This article was written by guest author Luis dos Santos.

They say all good things come to an end. After a series of successful cinematic adaptations of some comic classics (Batman Begins, Sin City, 300), Transformers definitely proves this old saying right. Michael Bay (Armageddon, The Island, Pearl Harbour) has a big contribution for this demise. He delivers in this movie his trademark action-driven directing style but clearly fails to grasp fine-art concepts such as plot depth, character development or precise editing timing.

The central plot involves the Autobots and their archenemies, the Decepticons bringing their robot war to Earth in search for a cube-shaped “All Spark” device which is powerful enough to create new robot life and destroy Earth in the process. The film starts when an American military base in Qatar is attacked by a mysterious and unknown enemy, the only survivors being Captain Lennox, played by Josh Duhamel (Turistas) and his team. Jon Voight (National Treasure, Pearl Harbour) plays the secretary of defense encharged of managing the situation. Shia LaBeouf (Disturbia) plays Sam, a pitiful L.A. high-school student and clich© character who offers Mikaela (Megan Fox from Confessions of a Teenage Drama Queen) a ride in his first car, which incidentally turns out to be an autobot named Bumblebee, a character to whom Mark Ryan (The Prestige, Charlie’s Angels) lends is voice. After Sam being attacked by one of the Deceptions, Sam and Mikaela join forces with the Autobots, led by the legendary Optimus Prime (Peter Cullen (Winnie the Pooh) in the cast’s best voice performance), in an epic battle against the Deceptions under the commands of the menacing Hugo Weaving’s (The Lord of the Rings, V for Vendetta) Megatron.

After the somehow promising first 30 minutes, the movie starts to fall apart. The weak and unrealistic dialog is full of one-liners which seem target at a young adolescent audience. Transformers is an old and long series which has a relatively well developed story, full of ideas passible to be explored on a film. However, it quickly becomes clear that Mr. Bay wants to give us his interpretation of Transformers instead of continuing the storyline of the old animated series. The antagonism and strugle for power between Megatron and Starscream is a Transformers‘ strong plot driving mechanism, which has not been addressed at all in this film. The search for the “energon” resource was also left out and replaced by a never-heard-of-before “All Spark.” The original transformers where capable of deep emotional actions including, among others, treachery, loyalty, courage, cowardice. These ones seem more like ghetto guys, which hang around to help humans fight the battle against the Decepticons for them, instead of fighting it themselves. This makes the existence of the Autobots in this film almost superfluous and the whole point of the film dubious.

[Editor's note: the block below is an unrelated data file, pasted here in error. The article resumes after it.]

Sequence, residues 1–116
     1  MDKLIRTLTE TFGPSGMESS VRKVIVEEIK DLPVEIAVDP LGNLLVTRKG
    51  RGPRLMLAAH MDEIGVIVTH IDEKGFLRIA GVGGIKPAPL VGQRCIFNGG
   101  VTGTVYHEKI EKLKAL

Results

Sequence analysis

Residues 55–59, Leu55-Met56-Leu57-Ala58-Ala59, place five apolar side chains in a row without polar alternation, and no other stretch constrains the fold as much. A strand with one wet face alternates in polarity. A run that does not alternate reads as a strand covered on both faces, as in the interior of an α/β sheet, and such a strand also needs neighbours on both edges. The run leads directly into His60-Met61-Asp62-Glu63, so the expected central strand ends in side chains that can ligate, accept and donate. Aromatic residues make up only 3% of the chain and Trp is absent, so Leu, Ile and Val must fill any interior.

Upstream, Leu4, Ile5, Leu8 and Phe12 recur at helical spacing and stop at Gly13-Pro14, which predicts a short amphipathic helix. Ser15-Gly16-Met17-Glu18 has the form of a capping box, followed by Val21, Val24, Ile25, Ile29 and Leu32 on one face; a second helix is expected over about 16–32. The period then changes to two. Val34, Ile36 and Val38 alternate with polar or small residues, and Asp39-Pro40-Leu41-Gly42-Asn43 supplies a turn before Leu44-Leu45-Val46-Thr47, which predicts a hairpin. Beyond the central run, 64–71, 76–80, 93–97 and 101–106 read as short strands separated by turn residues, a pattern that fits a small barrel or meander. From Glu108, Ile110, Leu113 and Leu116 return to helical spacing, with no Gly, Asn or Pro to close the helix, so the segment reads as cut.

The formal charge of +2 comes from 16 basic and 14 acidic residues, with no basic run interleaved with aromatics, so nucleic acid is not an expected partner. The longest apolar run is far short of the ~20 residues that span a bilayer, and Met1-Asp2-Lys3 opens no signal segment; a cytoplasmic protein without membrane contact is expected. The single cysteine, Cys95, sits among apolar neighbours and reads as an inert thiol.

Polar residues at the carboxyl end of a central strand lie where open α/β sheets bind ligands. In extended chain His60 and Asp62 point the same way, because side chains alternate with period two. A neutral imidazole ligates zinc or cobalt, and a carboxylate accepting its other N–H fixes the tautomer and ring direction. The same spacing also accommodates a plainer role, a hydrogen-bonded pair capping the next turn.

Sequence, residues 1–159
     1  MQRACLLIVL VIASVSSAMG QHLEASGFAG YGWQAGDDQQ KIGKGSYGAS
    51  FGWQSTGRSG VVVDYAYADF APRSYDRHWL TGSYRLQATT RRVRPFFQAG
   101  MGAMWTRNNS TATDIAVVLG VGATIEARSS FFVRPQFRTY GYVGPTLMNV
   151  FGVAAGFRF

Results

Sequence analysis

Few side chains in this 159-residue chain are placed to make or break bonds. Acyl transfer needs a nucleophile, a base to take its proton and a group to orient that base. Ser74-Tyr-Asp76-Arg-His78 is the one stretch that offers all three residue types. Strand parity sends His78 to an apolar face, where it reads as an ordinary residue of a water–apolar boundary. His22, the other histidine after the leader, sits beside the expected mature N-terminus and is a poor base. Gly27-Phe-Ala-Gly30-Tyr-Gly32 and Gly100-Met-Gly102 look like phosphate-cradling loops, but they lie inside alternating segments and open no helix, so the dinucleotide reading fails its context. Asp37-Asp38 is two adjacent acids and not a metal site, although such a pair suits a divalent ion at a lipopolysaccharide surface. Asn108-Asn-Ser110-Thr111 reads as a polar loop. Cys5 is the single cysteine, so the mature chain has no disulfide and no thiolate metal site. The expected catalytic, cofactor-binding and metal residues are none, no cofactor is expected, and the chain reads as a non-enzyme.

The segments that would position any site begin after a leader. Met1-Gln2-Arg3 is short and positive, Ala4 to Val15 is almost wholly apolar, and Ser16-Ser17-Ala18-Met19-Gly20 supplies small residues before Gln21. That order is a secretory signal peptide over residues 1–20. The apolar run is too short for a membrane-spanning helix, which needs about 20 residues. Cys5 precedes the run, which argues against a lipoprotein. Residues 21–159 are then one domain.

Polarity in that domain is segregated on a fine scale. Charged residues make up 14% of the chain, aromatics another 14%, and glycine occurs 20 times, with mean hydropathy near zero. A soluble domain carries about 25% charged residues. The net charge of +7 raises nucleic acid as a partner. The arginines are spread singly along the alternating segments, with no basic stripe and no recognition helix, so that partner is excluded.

The film has major continuity and plot consistency flaws. For example, the opening scene, when an unidentified helicopter approaches an american military base, two jet fighters are sent to intercept it. In the next scene the helicopter calmly lands in the middle of the base without any further resistance nor explanation to what happened to the jet fighters. The editing style is also poor, confusing and erratic. At some times important scenes seem to have been completely left out, for example how Optimus Prime lost the final battle against Megatron.

Having plot holes, although undesirable, is somehow understandable in a feature movie. However, Transformers even has cinematic photography holes: a fight takes place during the day, when asked for backup from a military base it suddenly becomes sunset, and when the fighting jets come to help it’s daylight again! Extreme long shots and close ups are hard-cut into each other, in blatant violation of basic continuity rules, which could even be justified by the roughness of some of the battles, but ultimately just makes the viewer dizzy. All these distractions prevent even the most willingly viewer to achieve a state of suspension of disbelief and enter into the film. This film also borrows several scenes from other films like Batman, Terminator 3 (even Terminator’s leitmotif is there)!, Schindler’s List, etc. I’m sorry to point out the obvious to Mr. Bay, but it takes more than a cocktail of other film’s famous scenes in order to make a new successful film…

ILM’s loud aural and visual special effects is the only area where the film shows some spirit, with the robots displaying some contortionist skills in their unorthodox transformations. Unfortunately their shallow personality is also reflected in their uncharacterised visuals, making it difficult to distinguish between them: it is for example difficult during the final showdown to tell who’s winning or losing.

More than 20 years have now passed since the 1986 The Transformers: The Movie film and fans were rightfully waiting for a successful revival of the series in form of a good cinematic adaptation. However, Mr. Bay’s Transformers is a disappointment at almost all levels, except maybe for the special effects and is posed to enter the poll of the soon-to-be-forgotten films of Summer 07. Shallow plot, clich© characters, uninspired directing, unconvincing acting (Megan Fox topping the list) and Hollywood’s money making machine at its best.

Grade: C-


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